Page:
After almost nine years, I’m done wearing a full-time kippah. Over the past year, I’ve kept my kippah off my head about as often as I’ve had it on. Better known to non-Jews as a yarmulke (its Yiddish name), wearing one full-time is primarily a custom for men in Orthodox and Conservative Jewish communities. Liberal Jews rarely wear them outside of synagogue.
Yet even before I converted in 2011, the little Jewish kid in me demanded that I wear one. It made me feel better connected to my new, worldwide religious community. Better connected in the Jewish sense of peoplehood.
But not so much anymore. One reason is vain as the day is long. Over the past year–and for the first time in my life–I’ve grown out my native-Hispanic curly hair and come to enjoy the look I’ve avoided since the childhood days of my mother cutting my air like a little shaggy poodle-boy. (I had issues with my family for reasons.) The more I learned how to wear my very own ethnic hair, the less I felt comfortable covering it up again.
Another reason is that familiar liberal Jewish discomfort with the knee-jerk, Israeli flag-waving status quo of American Jewish institutions. (No, AIPAC, you really don’t represent very many culturally and ethnically intersected Jews, no matter how many “Jewish and” hyphens you run in your web ads.) The only Jews who really care that I wear my kippah outside of synagogue are the same ones whose anti-liberal, anti-gay, anti-woman, anti-convert, anti-Arab, (anti- and on and on) politics I find offensive.
And that little Jewish kid in me is also a little Hispanic kid. And he’s learned he happens to like his hyper-curly Hispanic hair.
I’ve been on the fence about it for months. Carrying my kippah in my pocket to work, to lunch, to Disney. Sometimes it’s on, but usually I’m more concerned with continuing my decades-delayed journey of learning how to properly be a Puerto Rican-Venezuelan man from the forehead up.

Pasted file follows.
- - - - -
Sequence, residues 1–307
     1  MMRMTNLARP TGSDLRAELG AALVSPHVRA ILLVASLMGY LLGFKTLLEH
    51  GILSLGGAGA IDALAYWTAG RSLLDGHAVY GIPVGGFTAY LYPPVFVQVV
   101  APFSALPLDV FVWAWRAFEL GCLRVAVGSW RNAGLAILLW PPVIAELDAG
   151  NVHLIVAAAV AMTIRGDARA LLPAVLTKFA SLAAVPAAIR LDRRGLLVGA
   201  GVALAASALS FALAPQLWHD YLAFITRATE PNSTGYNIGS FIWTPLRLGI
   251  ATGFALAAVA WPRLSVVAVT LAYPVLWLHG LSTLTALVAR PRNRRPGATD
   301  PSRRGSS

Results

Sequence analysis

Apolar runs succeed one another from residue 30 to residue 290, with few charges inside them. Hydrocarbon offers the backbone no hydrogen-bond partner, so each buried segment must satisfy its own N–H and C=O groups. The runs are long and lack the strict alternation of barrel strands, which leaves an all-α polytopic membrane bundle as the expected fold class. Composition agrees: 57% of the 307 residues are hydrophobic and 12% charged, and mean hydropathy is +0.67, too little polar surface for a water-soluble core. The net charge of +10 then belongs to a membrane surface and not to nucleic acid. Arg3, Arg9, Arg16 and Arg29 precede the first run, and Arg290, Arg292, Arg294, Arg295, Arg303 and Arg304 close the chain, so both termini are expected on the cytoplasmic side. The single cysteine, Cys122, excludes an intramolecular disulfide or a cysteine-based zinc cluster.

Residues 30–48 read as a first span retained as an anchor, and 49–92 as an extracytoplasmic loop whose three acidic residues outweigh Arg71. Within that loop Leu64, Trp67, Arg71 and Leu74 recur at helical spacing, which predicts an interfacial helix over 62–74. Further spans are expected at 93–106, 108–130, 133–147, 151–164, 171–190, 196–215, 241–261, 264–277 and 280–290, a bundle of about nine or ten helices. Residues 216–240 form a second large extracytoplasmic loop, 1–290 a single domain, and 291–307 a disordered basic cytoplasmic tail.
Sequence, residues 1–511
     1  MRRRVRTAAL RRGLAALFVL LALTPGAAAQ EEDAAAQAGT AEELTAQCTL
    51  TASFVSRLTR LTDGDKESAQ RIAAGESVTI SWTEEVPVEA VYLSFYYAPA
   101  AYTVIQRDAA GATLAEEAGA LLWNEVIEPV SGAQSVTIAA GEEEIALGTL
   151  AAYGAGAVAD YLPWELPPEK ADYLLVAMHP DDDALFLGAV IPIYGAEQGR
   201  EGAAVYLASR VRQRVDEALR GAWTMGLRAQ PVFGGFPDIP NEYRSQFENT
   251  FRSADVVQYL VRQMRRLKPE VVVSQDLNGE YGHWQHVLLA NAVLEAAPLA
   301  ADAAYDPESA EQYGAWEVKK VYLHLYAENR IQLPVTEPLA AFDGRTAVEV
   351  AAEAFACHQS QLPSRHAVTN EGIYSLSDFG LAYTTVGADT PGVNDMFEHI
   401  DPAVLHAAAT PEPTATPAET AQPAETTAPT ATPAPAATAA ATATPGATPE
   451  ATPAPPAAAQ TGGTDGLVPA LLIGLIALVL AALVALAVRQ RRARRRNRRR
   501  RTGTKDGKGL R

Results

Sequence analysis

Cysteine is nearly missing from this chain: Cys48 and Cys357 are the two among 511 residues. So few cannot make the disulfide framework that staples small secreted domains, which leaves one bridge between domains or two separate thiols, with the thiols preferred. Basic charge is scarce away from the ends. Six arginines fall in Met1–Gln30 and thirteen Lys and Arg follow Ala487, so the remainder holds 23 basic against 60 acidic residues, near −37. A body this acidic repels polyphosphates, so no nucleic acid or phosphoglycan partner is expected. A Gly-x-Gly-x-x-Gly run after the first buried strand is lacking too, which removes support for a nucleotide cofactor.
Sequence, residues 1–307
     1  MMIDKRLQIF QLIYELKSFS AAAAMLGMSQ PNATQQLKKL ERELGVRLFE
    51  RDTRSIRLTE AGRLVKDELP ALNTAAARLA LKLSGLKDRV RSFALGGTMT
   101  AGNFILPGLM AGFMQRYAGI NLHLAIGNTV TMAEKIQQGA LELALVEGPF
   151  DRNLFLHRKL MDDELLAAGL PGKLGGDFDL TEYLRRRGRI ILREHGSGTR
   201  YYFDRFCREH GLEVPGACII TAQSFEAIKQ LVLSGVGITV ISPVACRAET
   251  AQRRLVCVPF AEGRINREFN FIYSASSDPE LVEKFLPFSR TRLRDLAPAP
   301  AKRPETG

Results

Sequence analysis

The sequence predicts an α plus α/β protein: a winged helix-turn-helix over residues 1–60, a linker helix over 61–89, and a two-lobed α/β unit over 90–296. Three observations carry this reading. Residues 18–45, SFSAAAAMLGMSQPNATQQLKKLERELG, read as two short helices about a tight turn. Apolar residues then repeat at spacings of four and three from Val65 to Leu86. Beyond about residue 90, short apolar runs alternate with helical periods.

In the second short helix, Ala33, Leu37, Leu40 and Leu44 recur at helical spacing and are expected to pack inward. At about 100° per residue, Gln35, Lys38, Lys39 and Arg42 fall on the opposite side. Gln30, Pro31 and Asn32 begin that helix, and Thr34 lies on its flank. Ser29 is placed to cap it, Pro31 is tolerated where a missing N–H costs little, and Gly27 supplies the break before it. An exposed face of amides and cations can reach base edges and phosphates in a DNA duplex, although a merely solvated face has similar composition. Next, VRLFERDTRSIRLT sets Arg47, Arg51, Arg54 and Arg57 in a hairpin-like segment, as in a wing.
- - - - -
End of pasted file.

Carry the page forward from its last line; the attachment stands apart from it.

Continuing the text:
And then the American Jewish Committee deliberately scheduled the anti-antisemitism #JewishandProud protest day on January 6th. Otherwise known to tens of millions of Hispanic Christians as Día de Los Reyes…Three Kings Day. “Little Christmas”, as my mom used to call it. Epiphany for all you anglos. The giant festival day that closes the gift-giving Christmas season for little Hispanic kids around the world.
If you’re not Jewish, you probably have no idea how immeasurably pissed off Jews get when people thoughtlessly schedule activities on our treasured holidays, forcing us to choose sides between religion and work or social activities. Or assume our holidays work just like Christian holidays. (No, Chanukah really has nothing to do with peace on earth or goodwill towards men.) Or just ignores our holidays are there at all.
I guess until a status quo national Jewish institution decides to have a big media day. Then it’s ok to spit in the eye of the millions of Hispanic Christians that so many of us know and love in our deeply intermarried, intersected, interrelated family, friend, and professional networks.
I thought the scheduling decision was absolutely disgusting and disgraceful. Our institutional response in asking the world to join us in standing up to the growing wave of antisemitism gets literally built around jacking up a holiday beloved to millions of non-Jews? Why yes, as a Hispanic Jew with a Christian family, I would love to stand up on Three Kings Day and tell little Latino kids to drop dead because today is all about being a Jew.
Fuck off, AJC. Fuck off, and when you get there, fuck off from there, too. Then fuck off some more. Keep fucking off until you get back here. Then fuck off again.
The status quo Jews who think none of this is a problem are the same ones who are always thrilled to see a fellow Jew wearing a yid lid in public. And after this, I just don’t feel like providing them with casual cultural reassurance anymore. So from now on, my Jewish scalp will be unapologetically naked.
From my Hispanic roots, right on up.
Michael Thaddeus Doyle
I'm a NYC-native, Latino, Jew-by-choice, hardcore WDW fan in Chicago with an Irish last name. I believe in social justice, big cities, and public transit. I do nonprofit development. I've written this blog since 2005. Believe in the world you want to live in.